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Your acronyms are excluding people


Scrabble letters spelling "Acronym" and the headline, "Your acronyms are excluding people"

Acronyms are abbreviations formed by the first letter of each word. Sometimes they can be useful. Most of the time, they should be ditched.


Do you want to block understanding, slow your readers down, and make them feel like they are not in the “in” crowd? Have fun with your excessive acronyms!

Your mission, should you choose to accept it, is to use acronyms in ways that include people instead of alienating them.


When are acronyms helpful?


Put your readers first.


Only use acronyms when they make it easier for your readers.

photo of a woman engineer looking at equipment

Before I started working in the environmental consulting industry, I never paid much attention to acronyms. In my first job as a technical editor at CH2M HILL (a company name acronym!), I kept a running list of all the acronyms in my documents.


My list would fill up with long acronyms like:

  • Dense nonaqueous phase liquids (DNAPL)

  • Comprehensive Environmental Response and Recovery Act (CERCLA)

  • National Pollutant Discharge Elimination System (NPDES)

Acronyms can be useful in complex writing and long documents so you don’t have to vomit all those technical words every single time.


Do: The first time you use an acronym, put it in a parenthesis after the phrase. Keep track of where you you first identified it.


Don’t: If you use the phrase only once in your document, avoid using an acronym. (This defeats the point.)


When are acronyms exclusive?


Most of the time, acronyms alienate your readers:

  • Your clients can view unnecessary acronyms as insider jargon. I would often find resumes saying Mr. or Ms. Jo Engineer worked in the Environmental Business Group (EBG). Did our clients need to see this acronym, or for that matter, did they care in which group Jo worked? No…and even worse when you don’t explain the acronym.

  • New people find it harder to get up to speed when you speak in acronyms. They put the onus on the new person to ask what “EBG” means, preventing an open dialogue of ideas and a welcoming workplace. If you MUST use acronyms in your workplace, why not give your new people a comprehensive list of insider acronyms so they won’t feel stupid?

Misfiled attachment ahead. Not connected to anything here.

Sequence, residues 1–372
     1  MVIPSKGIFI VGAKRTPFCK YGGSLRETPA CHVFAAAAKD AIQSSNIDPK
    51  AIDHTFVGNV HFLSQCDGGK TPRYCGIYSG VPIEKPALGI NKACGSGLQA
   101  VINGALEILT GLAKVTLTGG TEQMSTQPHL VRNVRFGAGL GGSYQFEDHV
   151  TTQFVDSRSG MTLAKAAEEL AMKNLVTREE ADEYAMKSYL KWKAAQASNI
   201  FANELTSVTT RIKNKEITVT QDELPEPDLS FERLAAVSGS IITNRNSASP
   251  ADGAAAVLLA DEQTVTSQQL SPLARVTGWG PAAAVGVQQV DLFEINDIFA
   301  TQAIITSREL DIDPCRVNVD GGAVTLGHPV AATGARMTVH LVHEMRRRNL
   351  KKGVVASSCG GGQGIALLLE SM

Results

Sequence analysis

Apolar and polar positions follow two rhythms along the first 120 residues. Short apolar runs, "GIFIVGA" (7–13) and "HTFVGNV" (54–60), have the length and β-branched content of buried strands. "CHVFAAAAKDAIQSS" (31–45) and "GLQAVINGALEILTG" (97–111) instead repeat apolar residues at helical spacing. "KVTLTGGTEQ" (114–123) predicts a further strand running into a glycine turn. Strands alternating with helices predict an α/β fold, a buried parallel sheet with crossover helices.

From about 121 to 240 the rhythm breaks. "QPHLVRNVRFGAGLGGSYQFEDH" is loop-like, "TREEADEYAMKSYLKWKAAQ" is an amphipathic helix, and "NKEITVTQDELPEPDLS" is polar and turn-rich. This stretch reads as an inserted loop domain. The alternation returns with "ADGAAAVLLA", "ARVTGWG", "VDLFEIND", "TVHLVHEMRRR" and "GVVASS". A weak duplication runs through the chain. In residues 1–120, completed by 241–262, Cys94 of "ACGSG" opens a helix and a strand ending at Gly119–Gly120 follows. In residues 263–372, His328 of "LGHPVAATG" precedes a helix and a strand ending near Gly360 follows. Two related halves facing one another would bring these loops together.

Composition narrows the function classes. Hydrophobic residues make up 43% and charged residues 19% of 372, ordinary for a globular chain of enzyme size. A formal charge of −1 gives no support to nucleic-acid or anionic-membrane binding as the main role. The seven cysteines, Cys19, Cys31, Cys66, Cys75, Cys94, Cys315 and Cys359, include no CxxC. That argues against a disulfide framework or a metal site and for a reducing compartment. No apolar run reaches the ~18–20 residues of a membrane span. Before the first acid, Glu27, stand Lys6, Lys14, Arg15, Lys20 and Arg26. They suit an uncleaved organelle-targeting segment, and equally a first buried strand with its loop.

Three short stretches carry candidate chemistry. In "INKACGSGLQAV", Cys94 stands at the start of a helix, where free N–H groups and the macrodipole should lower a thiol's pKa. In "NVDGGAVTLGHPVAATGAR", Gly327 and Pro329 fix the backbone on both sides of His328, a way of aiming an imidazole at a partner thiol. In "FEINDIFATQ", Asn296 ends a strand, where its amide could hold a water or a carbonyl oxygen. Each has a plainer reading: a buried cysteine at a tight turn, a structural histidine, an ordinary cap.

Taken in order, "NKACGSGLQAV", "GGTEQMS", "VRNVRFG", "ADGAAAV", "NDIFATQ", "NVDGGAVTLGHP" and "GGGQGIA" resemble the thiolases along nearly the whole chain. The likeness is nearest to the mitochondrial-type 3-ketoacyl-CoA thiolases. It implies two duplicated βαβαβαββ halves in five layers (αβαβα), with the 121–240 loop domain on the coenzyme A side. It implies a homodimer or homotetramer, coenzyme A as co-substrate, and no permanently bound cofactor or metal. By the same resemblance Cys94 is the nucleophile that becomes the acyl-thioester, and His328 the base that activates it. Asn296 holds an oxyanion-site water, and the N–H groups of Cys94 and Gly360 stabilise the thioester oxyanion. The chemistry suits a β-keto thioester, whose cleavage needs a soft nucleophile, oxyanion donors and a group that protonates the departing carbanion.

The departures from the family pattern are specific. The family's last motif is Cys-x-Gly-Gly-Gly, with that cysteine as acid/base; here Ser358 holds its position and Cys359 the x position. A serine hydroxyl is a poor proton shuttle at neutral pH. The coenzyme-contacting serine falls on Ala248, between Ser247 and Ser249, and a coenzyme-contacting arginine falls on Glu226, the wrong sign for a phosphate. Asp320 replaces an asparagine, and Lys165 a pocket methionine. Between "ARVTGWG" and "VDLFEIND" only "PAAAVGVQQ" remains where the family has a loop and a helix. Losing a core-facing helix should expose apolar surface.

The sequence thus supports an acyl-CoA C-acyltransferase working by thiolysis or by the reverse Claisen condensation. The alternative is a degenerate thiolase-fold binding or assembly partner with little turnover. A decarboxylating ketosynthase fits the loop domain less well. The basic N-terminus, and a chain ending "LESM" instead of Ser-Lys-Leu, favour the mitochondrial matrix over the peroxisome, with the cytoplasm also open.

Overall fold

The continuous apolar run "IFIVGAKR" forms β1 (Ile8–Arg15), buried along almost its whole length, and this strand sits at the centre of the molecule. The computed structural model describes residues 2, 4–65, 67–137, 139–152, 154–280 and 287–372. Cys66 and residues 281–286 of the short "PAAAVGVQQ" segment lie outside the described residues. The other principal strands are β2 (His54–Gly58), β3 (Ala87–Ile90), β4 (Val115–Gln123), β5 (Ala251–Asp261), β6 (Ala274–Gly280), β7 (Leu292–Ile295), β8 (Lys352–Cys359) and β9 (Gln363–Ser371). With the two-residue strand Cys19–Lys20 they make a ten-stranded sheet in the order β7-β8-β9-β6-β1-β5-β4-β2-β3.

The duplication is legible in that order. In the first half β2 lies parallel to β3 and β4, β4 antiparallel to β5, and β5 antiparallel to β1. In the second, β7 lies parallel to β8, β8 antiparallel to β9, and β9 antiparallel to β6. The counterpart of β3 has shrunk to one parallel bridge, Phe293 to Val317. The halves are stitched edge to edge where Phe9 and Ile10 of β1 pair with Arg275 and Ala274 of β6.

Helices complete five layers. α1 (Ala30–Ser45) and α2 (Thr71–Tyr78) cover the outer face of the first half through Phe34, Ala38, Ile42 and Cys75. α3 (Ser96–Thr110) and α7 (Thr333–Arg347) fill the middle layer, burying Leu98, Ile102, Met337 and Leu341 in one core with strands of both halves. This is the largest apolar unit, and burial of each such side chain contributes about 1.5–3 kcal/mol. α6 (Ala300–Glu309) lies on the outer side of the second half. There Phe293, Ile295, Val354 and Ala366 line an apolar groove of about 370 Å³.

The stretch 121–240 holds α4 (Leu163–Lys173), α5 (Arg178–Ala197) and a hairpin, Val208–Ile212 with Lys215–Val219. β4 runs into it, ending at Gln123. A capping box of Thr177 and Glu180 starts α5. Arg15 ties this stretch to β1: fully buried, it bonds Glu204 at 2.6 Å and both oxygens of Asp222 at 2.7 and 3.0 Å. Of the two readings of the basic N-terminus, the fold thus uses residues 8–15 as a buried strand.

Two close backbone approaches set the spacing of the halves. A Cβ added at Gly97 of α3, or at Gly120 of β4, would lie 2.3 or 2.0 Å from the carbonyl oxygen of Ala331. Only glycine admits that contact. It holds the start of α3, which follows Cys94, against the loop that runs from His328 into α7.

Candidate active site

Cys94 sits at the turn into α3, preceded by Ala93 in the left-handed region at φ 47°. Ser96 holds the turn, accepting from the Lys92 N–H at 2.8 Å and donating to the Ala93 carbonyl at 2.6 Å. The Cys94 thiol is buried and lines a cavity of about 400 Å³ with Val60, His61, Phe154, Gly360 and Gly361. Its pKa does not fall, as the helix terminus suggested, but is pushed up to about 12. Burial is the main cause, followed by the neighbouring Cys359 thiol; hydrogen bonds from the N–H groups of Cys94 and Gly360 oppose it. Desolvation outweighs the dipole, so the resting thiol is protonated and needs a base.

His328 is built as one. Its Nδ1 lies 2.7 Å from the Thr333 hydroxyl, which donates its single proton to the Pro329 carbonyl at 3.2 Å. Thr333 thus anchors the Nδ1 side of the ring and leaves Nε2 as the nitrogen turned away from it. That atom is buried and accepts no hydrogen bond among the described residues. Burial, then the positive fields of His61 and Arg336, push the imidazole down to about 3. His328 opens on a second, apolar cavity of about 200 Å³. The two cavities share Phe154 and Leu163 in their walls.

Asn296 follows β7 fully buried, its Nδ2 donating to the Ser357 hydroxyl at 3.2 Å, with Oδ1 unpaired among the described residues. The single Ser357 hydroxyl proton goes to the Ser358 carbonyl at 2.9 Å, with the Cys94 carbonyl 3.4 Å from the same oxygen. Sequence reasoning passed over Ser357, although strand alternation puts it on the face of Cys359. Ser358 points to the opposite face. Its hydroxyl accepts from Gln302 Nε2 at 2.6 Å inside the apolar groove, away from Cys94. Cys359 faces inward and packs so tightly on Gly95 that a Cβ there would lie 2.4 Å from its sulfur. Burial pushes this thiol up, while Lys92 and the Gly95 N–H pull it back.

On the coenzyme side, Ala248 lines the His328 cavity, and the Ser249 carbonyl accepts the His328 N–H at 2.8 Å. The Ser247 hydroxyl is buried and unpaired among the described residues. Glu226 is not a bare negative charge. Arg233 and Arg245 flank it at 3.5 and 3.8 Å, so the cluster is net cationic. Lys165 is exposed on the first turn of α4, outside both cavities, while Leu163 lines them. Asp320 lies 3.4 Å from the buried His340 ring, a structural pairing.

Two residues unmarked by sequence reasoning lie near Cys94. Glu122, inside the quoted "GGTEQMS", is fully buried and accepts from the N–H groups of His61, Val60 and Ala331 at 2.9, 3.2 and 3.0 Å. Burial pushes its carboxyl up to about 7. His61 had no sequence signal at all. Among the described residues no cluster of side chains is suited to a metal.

Young Asian man with his head in his hands, sitting next to an Asian woman with a clipboard
  • Non-native English speakers find acronyms frustrating…especially when they are used without any explanation. It’s hard enough to learn this bizarre, complicated language without acronyms getting in the way of understanding.

  • Blind people rely on screen readers, which do not usually recognize abbreviations or acronyms. They read them as if they were typical words. Make your language accessible to all.

city map with Braille
  • Everyone’s comprehension is slowed down when your communications are littered with acronyms. They impede understanding…especially if you don’t know what they mean. Take for example the acronym BIPOC. Unless you’re up to speed with racial and social justice, you might not know what that means. But how often do you see people explain it means Black, Indigenous, and people of color? (That acronym has been widely debunked anyway.)

Do: use acronyms only when you make every attempt to help people understand.

Don’t: use acronyms if you can avoid it.


Let me know if you can use help moving beyond acronyms and into inclusive communications...or with internal or external communications, marketing, or leadership.


I help professional services firms avoid BORING and boost employee engagement, productivity, and readership. I translate technical, complex, and lackluster language into accessible, dynamic, story-driven text. Get known in your industry through outstanding thought leadership content. Walk your talk through outstanding, effective communications with your employees and clients.


Fertile Ground Communications LLC is a certified women-owned business enterprise, disadvantaged business enterprise, and emerging small business.

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